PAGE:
Speaking of musicals, one of my all-time favorites – and when I say that, I mean that I’ve seen it, literally, almost 3 dozen times as a kid – is the film adaptation of Lionel Bart’s Oliver! (Sony, Rated G, DVD-$19.94 SRP). There have been plenty of adaptations of Dickens’ classic tale of an orphan’s journey from the underworld to happiness (with money), but it’s this musical version that still strikes a chord with me. The songs are modern classics (“Food, Glorious Food,” “Pick a Pocket or Two,” and the unforgettable “Consider Yourself”), and the presentation in this new DVD set is sparkling. While bonus features include a behind-the-scenes featurette and a photo gallery, the real keeper is on the second disc – a CD featuring the complete 14-song soundtrack. “Please sir, I want some more…”

If it weren’t for DVD, many golden moments from television history would be relegated to cheap-o VHS bins in poor video quality, if they’re even released at all. Well, thanks to Time Life, we’ve got a pair of releases that are still just as funny – the finest juvenile faux pas in The Best of Art Linkletter’s Kids Say The Darndest Things & a selection of comedy legends in The Golden Age of Comedy (Time Life, Not Rated, DVD-$14.95 SRP each). The Golden Age disc is particularly sweet, as it also features rare early stand-up performances from Woody Allen, Bill Cosby, Bob Newhart, and Jonathan Winters.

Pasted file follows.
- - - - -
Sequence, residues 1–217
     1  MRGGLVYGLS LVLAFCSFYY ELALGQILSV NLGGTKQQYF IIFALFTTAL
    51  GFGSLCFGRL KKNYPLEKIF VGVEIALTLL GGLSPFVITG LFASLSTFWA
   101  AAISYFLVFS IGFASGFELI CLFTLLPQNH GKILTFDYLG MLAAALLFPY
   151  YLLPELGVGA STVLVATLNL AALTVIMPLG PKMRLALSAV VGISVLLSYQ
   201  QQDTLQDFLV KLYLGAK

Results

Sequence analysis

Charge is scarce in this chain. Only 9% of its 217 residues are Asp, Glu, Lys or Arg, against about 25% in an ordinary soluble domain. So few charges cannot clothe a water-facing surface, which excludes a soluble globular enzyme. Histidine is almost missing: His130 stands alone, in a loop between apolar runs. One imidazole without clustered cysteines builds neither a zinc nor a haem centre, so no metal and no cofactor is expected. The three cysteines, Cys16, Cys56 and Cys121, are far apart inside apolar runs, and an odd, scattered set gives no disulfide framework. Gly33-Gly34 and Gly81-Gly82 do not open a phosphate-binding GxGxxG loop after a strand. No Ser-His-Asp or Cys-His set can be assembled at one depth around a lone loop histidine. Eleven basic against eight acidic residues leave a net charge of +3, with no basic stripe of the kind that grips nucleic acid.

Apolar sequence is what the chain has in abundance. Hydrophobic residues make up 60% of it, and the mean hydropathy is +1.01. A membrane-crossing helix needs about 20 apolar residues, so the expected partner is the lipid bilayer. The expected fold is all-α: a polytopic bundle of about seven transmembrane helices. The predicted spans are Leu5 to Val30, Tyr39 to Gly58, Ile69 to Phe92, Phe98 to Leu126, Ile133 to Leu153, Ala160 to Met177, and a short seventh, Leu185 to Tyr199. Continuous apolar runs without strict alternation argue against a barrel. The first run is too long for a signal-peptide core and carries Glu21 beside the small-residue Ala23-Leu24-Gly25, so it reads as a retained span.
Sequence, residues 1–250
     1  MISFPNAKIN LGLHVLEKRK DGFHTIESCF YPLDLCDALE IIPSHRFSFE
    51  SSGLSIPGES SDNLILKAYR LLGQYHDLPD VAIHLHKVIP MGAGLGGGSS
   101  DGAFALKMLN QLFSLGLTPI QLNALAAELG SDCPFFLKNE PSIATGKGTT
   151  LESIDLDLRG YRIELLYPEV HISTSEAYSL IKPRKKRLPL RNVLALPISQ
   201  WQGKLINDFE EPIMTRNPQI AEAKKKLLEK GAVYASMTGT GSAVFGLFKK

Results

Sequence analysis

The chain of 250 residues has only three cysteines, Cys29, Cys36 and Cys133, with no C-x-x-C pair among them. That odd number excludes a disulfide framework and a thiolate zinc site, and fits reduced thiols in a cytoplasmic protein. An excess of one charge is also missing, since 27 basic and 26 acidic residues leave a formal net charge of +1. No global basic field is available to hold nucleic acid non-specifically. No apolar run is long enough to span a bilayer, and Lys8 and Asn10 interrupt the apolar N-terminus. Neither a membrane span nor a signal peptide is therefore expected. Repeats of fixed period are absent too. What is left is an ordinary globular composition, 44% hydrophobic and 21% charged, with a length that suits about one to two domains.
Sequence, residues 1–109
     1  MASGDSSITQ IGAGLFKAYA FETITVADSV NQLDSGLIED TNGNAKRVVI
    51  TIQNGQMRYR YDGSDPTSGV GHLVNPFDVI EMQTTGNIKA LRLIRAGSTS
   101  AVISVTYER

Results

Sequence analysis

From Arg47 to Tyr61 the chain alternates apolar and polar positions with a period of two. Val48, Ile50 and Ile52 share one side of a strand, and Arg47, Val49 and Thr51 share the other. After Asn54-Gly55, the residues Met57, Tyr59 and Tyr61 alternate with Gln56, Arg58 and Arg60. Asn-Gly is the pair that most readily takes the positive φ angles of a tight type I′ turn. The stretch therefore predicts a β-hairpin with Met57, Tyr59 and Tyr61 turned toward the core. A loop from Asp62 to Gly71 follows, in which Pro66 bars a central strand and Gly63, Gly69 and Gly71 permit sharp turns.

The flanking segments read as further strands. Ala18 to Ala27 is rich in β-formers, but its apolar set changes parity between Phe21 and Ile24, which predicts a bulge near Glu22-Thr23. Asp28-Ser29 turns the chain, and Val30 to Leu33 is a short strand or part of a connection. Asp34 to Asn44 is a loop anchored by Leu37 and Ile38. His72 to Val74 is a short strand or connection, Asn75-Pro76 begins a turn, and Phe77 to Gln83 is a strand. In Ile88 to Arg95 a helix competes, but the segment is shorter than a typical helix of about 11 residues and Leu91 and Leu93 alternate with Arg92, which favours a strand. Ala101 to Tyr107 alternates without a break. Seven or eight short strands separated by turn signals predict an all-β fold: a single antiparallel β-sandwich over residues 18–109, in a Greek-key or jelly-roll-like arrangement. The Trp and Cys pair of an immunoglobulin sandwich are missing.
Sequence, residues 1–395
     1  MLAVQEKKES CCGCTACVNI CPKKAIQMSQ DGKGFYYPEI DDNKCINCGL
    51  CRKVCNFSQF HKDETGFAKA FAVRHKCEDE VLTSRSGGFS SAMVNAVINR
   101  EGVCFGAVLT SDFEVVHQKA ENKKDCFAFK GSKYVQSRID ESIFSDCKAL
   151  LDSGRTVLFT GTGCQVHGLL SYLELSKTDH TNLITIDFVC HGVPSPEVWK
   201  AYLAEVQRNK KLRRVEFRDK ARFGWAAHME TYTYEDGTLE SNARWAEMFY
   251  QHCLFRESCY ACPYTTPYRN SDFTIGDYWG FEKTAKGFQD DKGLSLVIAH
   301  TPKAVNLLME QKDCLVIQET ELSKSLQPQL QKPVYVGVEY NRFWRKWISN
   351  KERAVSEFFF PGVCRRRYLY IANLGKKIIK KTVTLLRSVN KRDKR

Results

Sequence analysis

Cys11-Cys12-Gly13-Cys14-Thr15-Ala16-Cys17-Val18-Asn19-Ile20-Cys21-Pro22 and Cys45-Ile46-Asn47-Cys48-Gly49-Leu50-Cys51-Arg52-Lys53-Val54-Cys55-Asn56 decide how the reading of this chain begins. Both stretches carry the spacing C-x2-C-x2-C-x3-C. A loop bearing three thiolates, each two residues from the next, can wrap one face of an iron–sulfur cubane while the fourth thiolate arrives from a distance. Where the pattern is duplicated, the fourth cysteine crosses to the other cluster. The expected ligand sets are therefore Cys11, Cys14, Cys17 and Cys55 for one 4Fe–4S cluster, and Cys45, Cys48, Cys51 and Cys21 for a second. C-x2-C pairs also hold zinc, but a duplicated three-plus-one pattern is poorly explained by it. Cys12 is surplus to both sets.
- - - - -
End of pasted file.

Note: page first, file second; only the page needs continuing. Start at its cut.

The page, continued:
I’d like to say that the 10th and final season of Friends (Warner Bros., Not Rated, DVD-$44.98 SRP) went out with a bang, but the truth is that the show was pretty much going through the motions during the truncated 17-episode race to the finish. We all knew that Ross & Rachel were going to get together in the end, and that slowly but surely the core group would break apart – a fait accompli as soon as Joey was announced as a spin-off. In fact, the only thing missing was Joey flying over the city in a helicopter, with “Goodbye” spelled out in pizza boxes on the apartment building roof by an also-departing Chandler and Monica. The final DVD set features producers’ commentary on 3 episodes (including the hour-long finale), a retrospective featurette with the cast & producers, a Matt LeBlanc Joey music video, the “Friends of Friends” featurette, and best of all – multiple seasons worth of gag reels.